The story has a pretty happy ending though. The staff remembered to turn the sing on. You would have thought they were expecting the Presidential  Medal of Freedom for doing so though. Holy cow. We lugged our food back to the hotel and chowed it down over a few episodes of whatever Ohio type TV was on. I didn't really pay attention as I was tired. 
                                                Steven after the menu lit up. 
              Speaking of tired. We got up at the butt crack of dawn, packed our gear, and headed down for the free breakfast. Half he reason Steven picked the darn room was that it came withe free breakfast It was actually pretty good considering it was free. Everything tastes better when it's free. So after we ate, we knew it was coming up on Harvey time. Now by this point, we had cursed his name, his family, and his religion for causing us to have to leave so early. We had quite the mental image of him built up and were actually anxious to see him. 
                                                                          "The" car. 
                We headed across the flatness and made our way back to the airport in a reasonable amount of time, arriving before the requested time. Upon our arrival, however, there was no one there. This afforded me the chance to snoop around and see the old Air Force T-33 they had on static display there. As time ground on, the gentleman we had spoken to the previous night showed up. As it turns out, Harvey wasn't coming in after all. That's right folks. Not. Coming. In. Me, I was, well we shall say, not impressed. My hatred for Ohio returned, and Harvey, wherever you are, I'm sure you're a nice guy, but I never want to run into you. Ever. 
                 So, after the gnashing of teeth, some final checks were made, final pees were had, and we cranked up the Mighty Cherokee and pointed her east. It was a happy departure. Let's face it. Ohio is all frabbed up. 
                                                             Sidney's ramp area. Pretty neat really.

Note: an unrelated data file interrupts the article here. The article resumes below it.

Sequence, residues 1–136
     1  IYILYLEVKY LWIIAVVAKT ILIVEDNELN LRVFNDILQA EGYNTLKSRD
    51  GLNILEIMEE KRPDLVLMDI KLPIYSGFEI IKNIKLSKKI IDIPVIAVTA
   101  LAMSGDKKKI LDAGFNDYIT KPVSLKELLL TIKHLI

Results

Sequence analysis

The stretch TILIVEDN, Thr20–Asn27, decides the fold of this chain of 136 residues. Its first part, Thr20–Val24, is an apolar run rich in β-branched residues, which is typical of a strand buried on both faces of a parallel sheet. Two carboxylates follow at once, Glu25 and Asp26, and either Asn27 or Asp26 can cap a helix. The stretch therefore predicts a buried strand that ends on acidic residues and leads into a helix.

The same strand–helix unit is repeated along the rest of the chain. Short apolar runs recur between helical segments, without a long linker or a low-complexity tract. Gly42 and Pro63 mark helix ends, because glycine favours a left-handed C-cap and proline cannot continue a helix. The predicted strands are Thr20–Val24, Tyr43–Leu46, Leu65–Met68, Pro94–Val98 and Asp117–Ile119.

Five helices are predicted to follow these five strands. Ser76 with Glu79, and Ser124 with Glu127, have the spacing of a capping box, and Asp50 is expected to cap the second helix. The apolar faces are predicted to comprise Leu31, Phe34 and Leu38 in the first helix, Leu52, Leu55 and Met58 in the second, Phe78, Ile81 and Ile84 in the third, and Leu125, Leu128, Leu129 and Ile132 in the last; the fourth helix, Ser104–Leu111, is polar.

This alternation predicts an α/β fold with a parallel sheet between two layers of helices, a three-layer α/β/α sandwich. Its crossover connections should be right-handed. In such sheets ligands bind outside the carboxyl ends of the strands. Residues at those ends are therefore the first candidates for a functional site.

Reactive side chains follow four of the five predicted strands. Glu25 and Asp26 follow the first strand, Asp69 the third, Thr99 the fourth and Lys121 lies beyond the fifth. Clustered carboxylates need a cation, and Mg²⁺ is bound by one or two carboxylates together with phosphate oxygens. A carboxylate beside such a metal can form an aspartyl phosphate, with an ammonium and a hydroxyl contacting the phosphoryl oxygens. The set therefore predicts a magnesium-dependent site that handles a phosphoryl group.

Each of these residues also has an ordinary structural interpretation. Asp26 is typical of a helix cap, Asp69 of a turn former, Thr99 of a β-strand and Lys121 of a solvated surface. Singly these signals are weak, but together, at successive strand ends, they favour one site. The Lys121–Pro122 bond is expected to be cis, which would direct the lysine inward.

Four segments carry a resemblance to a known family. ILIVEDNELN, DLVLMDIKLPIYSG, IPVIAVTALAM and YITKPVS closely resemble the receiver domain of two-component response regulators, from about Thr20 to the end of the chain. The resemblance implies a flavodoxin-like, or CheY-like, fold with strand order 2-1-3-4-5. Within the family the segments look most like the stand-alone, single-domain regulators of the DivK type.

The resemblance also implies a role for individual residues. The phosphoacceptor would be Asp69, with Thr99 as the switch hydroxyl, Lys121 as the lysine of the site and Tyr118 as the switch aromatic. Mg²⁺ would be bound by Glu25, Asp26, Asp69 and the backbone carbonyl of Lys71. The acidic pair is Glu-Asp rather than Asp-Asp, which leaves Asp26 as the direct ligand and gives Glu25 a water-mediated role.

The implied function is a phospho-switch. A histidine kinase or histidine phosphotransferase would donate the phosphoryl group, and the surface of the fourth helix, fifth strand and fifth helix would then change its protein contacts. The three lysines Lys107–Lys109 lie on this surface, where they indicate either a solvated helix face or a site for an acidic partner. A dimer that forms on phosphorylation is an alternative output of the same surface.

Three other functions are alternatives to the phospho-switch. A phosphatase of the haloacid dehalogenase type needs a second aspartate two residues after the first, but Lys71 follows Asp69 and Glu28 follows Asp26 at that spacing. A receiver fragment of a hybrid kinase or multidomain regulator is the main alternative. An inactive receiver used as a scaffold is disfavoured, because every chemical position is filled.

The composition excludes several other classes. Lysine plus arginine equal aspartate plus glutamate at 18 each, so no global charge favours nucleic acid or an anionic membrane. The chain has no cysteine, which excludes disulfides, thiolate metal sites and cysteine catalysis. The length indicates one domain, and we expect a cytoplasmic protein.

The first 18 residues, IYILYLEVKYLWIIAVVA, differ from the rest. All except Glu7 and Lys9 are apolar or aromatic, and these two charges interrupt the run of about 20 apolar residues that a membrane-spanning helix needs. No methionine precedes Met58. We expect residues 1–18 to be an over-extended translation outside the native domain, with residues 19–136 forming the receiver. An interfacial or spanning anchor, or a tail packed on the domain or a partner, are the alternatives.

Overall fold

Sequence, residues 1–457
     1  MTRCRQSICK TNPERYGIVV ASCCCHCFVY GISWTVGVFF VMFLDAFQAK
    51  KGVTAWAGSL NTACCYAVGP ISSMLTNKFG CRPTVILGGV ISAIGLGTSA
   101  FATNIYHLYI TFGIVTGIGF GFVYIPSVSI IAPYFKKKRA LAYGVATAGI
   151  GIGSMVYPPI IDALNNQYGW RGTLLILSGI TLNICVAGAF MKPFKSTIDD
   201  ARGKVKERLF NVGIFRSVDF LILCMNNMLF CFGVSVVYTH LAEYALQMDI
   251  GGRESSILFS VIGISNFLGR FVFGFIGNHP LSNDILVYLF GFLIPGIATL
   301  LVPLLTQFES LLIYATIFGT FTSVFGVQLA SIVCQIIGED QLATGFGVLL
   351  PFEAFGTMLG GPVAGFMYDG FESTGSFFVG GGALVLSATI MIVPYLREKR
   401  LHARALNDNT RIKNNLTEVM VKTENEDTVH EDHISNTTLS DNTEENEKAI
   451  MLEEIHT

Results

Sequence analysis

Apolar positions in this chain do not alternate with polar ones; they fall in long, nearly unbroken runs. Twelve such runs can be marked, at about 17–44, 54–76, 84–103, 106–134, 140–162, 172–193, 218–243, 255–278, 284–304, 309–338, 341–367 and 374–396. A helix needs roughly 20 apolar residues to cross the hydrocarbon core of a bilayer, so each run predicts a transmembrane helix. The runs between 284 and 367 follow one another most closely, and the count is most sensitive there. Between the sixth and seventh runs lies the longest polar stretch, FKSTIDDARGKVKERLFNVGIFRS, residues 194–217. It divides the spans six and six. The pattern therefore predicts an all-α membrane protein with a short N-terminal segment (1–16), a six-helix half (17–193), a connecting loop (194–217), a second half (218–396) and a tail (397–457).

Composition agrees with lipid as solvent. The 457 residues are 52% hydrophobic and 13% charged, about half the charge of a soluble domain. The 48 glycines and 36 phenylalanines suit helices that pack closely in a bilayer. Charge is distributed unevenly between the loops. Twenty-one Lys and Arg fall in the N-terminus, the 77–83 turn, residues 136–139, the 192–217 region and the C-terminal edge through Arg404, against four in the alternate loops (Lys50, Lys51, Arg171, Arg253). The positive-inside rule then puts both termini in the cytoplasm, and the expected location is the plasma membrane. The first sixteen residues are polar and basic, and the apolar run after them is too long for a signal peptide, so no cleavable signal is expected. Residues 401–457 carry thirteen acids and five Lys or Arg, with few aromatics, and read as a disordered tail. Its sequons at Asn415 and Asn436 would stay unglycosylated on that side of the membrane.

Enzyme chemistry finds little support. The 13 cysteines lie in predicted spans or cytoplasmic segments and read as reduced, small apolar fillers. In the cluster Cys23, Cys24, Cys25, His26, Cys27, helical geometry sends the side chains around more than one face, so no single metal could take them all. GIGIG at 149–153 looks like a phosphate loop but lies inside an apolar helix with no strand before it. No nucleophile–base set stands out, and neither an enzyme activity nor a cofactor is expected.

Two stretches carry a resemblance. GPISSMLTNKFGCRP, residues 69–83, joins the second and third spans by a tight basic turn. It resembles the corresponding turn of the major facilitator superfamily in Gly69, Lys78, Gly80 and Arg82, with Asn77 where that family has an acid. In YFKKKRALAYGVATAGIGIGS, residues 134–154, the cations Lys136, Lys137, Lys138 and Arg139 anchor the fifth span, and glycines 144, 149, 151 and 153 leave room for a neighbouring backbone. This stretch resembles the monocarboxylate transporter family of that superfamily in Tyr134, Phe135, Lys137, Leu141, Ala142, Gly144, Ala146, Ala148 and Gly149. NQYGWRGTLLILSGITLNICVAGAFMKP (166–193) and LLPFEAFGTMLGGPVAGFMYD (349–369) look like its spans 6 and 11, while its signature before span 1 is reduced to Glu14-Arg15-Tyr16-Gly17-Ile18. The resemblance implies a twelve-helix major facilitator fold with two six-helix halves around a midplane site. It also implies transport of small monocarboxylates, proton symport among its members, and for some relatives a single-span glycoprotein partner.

Departure was smooth and we cruised into the sun, slowly clawing our way toward Maine, one click of the DME at a time. The Mighty Cherokee was a great plane, but this particular model had a design flaw. The version I flew had nice high back seats in it. This little sucker had low back seats that were original to it. Not fun going across the good ol' USA. As is evidenced by me sitting here typing this, clearly I survived. 
              The rest of the trip actually flew by rather quickly. We made a quick stop in the Finger Lakes region of New York to get some fuel. After that we headed straight to Eastern Slopes Regional Airport in Fryeburg. It was a beautiful day for flying and it was a laid back flight. We managed to aviate, navigate, and communicate all within the law, with no near misses on top of that. 
             It really was a great trip and it afforded Steven and I chance to do and see a lot of things. I am forever appreciative of his parents for shipping me out there, and even more so to Steve for having me along for the ride. It was a great adventure I won't soon forget. 


Wednesday, March 19, 2014

An emergence of passion

     Among all of the reading that I have poured myself into since beginning the journey of aviation, there is one very common theme: perseverance. Except for the very lucky few, aviation is not a career, or hobby for that matter, that one just wakes up and gets fully involved with. There is a lot of hard work and perseverance that goes into doing aviation professionally. There is also a lot of hard work that goes into doing aviation well. 
     It all starts that same way, I'm pretty certain. You get that initial exposure. Maybe it's a Young Eagle's program flight. Maybe it's a family vacation that you go on your first airliner during. For some, it has been getting shuttled around in the service, for some television and movies. There are also a large faction that gotten bitten by the bug while looking up at the sky. 

     I was bitten by the bug while just a little boy. My father would bring me to the air port in Owls Head to look at the planes. This of course being Knox County Regional Airport (KRKD). Back then there was a little trailer, a hangar or two, and a wooden post fence that separated the parking lot from the tarmac. We used to watch the Beech 1900's from Colgan Air pull in. They captain and F/O would jump out and pull flight attendant, ground crew, and pilot duties all at once. They would greet the passengers, load the luggage in the aft hold, and take the tickets.